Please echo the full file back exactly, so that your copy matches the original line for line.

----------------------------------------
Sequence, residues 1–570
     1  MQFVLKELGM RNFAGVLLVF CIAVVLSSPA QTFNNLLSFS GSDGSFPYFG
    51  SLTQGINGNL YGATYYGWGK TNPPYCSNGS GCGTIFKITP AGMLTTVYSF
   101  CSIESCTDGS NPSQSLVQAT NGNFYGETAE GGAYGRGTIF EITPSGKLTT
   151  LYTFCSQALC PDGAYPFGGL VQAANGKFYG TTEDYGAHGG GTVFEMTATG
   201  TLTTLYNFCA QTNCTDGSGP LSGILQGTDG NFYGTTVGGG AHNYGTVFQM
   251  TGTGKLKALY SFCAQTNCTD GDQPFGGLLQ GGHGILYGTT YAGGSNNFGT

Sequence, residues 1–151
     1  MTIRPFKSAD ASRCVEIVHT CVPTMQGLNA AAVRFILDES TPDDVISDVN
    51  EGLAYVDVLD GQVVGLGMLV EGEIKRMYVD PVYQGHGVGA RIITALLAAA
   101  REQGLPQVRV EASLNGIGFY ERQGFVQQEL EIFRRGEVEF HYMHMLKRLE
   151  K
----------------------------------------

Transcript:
Sequence, residues 1–570
     1  MQFVLKELGM RNFAGVLLVF CIAVVLSSPA QTFNNLLSFS GSDGSFPYFG
    51  SLTQGINGNL YGATYYGWGK TNPPYCSNGS GCGTIFKITP AGMLTTVYSF
   101  CSIESCTDGS NPSQSLVQAT NGNFYGETAE GGAYGRGTIF EITPSGKLTT
   151  LYTFCSQALC PDGAYPFGGL VQAANGKFYG TTEDYGAHGG GTVFEMTATG
   201  TLTTLYNFCA QTNCTDGSGP LSGILQGTDG NFYGTTVGGG AHNYGTVFQM
   251  TGTGKLKALY SFCAQTNCTD GDQPFGGLLQ GGHGILYGTT YAGGSNNFGT

Sequence, residues 1–151
     1  MTIRPFKSAD ASRCVEIVHT CVPTMQGLNA AAVRFILDES TPDDVISDVN
    51  EGLAYVDVLD GQVVGLGMLV EGEIKRMYVD PVYQGHGVGA RIITALLAAA
   101  REQGLPQVRV EASLNGIGFY ERQGFVQQEL EIFRRGEVEF HYMHMLKRLE
   151  K